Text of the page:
Can you be unemployed and retired. . . and collect benefits for being both?
One New York woman who was laid off in 2009 after a 40-year career in philanthropy filed for unemployment while continuing to look for a new job. A year later at age 65 and jobless, she applied for Social Security retirement benefits. She now collects both a monthly Social Security check and weekly unemployment benefits totaling nearly $3,000 a month, and a pension she earned during her career.
With the nation’s fragile economy leaving millions of older workers unemployed, growing numbers of these Americans are double dipping-- collecting unemployment insurance (UI) benefits, which extend for 99 weeks and Social Security. Or, in the case of government workers, collecting unemployment and state, local, or federal pensions. Double dipping is not illegal. And many would feel like suckers if they didn't take advantage of all the benefits that are available to them through the Federal and state governments. But is this any way to run a country at a time of fiscal crisis?
As long-term unemployment sets records—6.2 million out of work for at least 27 weeks and 2 million jobless for more than 99 weeks—the line between unemployment and retirement is blurring. About 2.1 million of the nation’s 14 million unemployed are 55 or older, although this probably underestimates the number that have retired due to joblessness. Some are so desperate for income that they are turning to multiple benefit streams just to make ends meet. Others are simply taking advantage of cashing in on the extended unemployment benefits. But the ultra-generous length of UI payments may actually have backfired by extending joblessness, not just benefits, and ultimately fueling the so-called "jobless recovery...”
“There is no conflict between collecting a Social Security pension benefit and unemployment compensation at the same time as long as each agency is apprised of the income received from the other,” says James Cushing, a Pennsylvania lawyer specializing in unemployment compensation. A little more than half of the 14 million Americans officially counted as unemployed collect UI benefits, and about one-tenth of these are eligible for Social Security retirement benefits, according to the Bureau of Labor Statistics. The federal-state UI program administered by the states, paid out more than $160 billion last year.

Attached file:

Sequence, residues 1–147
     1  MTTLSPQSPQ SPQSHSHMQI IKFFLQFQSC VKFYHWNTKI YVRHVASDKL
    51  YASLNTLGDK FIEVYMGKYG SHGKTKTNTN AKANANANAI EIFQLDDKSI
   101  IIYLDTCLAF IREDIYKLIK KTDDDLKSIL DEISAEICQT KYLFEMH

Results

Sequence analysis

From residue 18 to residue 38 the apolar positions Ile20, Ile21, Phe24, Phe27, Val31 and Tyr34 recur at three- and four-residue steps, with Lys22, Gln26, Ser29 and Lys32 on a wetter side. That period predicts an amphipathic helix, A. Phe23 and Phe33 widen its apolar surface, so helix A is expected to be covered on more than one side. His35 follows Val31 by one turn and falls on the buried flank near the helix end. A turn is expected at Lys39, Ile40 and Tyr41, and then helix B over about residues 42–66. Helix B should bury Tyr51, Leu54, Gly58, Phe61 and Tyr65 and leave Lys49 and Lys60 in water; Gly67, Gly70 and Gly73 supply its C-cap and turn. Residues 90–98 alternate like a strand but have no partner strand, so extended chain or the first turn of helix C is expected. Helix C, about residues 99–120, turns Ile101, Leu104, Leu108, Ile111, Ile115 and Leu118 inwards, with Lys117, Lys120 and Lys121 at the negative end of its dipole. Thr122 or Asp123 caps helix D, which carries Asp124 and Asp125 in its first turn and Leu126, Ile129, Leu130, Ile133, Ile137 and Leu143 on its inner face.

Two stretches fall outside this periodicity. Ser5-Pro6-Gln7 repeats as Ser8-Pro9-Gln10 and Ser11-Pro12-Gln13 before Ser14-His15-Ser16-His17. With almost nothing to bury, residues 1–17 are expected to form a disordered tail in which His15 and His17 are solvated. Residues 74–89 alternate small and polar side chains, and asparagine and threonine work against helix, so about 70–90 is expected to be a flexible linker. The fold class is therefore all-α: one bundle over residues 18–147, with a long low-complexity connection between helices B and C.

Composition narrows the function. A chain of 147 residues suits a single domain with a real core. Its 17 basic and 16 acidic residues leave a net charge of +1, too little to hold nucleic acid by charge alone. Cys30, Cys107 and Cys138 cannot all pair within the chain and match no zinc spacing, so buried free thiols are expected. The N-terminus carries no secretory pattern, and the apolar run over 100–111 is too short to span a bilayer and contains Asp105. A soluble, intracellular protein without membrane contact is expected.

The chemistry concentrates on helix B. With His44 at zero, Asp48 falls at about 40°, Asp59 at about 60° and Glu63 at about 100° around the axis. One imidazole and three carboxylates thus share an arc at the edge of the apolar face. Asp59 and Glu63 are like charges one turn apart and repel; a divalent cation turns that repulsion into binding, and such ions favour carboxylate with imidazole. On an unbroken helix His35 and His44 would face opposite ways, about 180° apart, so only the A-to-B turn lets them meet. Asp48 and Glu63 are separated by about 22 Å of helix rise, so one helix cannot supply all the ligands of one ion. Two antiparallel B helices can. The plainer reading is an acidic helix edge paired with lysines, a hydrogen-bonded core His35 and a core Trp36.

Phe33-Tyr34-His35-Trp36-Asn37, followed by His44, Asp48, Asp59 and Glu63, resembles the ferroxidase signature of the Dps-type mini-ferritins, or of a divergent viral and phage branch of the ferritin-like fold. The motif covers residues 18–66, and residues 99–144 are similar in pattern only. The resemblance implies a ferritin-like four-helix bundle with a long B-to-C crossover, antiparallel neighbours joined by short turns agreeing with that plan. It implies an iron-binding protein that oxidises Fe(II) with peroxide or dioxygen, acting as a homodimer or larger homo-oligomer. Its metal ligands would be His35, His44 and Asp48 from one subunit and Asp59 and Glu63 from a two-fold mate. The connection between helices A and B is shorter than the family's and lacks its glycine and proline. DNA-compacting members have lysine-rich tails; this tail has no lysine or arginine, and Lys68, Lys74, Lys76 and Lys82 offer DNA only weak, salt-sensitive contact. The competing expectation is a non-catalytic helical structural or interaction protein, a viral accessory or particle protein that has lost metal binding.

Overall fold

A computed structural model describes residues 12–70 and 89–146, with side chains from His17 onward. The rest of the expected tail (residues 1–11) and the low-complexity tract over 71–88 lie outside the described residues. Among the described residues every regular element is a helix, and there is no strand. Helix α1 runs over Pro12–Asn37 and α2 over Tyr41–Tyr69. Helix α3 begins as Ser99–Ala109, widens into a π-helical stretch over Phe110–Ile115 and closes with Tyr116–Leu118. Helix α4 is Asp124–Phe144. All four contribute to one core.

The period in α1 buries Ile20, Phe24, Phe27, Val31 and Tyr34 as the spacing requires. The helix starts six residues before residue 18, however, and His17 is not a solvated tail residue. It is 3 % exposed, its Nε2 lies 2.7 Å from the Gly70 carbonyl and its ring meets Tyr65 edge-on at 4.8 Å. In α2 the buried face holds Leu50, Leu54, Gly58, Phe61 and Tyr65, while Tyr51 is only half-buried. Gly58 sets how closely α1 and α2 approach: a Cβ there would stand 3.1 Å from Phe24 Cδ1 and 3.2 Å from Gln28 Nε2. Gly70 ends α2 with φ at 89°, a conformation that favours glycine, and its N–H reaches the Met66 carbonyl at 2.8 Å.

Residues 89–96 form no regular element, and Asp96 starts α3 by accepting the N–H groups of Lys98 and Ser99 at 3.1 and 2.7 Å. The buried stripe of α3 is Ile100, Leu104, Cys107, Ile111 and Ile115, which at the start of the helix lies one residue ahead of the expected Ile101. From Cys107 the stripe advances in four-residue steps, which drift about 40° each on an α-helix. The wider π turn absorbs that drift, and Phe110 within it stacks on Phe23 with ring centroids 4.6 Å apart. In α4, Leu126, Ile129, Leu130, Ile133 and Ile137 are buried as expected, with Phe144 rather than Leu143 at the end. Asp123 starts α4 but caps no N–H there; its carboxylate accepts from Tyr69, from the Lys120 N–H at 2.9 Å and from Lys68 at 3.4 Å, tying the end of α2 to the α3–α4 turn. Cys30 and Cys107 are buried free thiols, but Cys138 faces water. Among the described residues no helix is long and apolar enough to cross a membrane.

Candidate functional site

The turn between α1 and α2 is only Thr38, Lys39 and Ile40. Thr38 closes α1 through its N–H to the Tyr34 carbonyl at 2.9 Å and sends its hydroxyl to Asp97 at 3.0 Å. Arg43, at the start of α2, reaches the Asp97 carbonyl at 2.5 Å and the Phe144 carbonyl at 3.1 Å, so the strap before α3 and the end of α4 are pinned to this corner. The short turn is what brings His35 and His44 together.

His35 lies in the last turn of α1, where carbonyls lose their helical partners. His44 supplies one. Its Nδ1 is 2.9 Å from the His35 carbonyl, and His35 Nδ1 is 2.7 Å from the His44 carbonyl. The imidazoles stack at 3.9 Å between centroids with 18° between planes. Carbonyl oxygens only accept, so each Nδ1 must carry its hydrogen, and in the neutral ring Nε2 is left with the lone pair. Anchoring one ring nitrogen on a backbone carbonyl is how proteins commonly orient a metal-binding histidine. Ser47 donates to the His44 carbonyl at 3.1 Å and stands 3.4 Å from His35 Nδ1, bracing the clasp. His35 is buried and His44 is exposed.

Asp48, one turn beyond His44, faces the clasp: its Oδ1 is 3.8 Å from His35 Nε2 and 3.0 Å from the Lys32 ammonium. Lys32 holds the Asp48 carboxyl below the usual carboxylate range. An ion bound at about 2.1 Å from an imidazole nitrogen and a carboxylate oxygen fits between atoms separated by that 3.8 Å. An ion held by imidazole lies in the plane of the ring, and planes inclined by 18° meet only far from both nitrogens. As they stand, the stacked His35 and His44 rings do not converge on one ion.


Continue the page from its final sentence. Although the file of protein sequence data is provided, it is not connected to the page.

The ease of electronic filing for unemployment benefits has changed the game. Are people really looking for work when they click once on Monster.com to see if there's a job in their area of expertise? Although the software does ask whether one is receiving private pension income, the long lag time for agencies to crosscheck applicants’ income makes it possible for unemployed, retired Americans to draw significant benefits that may actually be a disincentive to finding work. Still, most of the UI system’s estimated $17 billion in annual fraud instead results from people who are working and claiming benefits.
The Entitlement Seduction
Americans typically turn to government benefits as their first recourse when times are tough. For example, many unemployed workers who exhaust their UI benefits file for disability. In fact, the number of beneficiaries of Social Security Disability Insurance (SSDI) has risen by 67 percent since 2000, even though the workforce has grown by only 10 percent. If you've been diagnosed with osteoarthritis, one of the most common conditions among people 55 and over, you can probably claim disability even though you're perfectly capable of walking, typing, and handling most non-physical jobs.
Although most experts doubt that UI abuse is widespread, Dalmer Hoskins, director of the program studies division at the Social Security Administration (SSA), said, “By the time that record gets to SSA, it could be a year or two. So there is room for fraud. It is then up to the UI system to go after them. But, if someone moves from state to state, I doubt how vigorously it can be tracked.”
The temptation to draw upon two or more benefit programs is particularly great for unemployed workers in their early-to-mid 60s. This calculus plays in the mind of Cindy White, a 60-year-old association management professional who has been out work and collecting unemployment since December 2009. “I’m too old to be hired and too young to be retired,” she said before a meeting of the 40-Plus group for older, long-term unemployed workers in Washington, D.C. “If I didn’t have enough current income I’d consider going on Social Security when I turn 62. When you hit 60, your options narrow so much.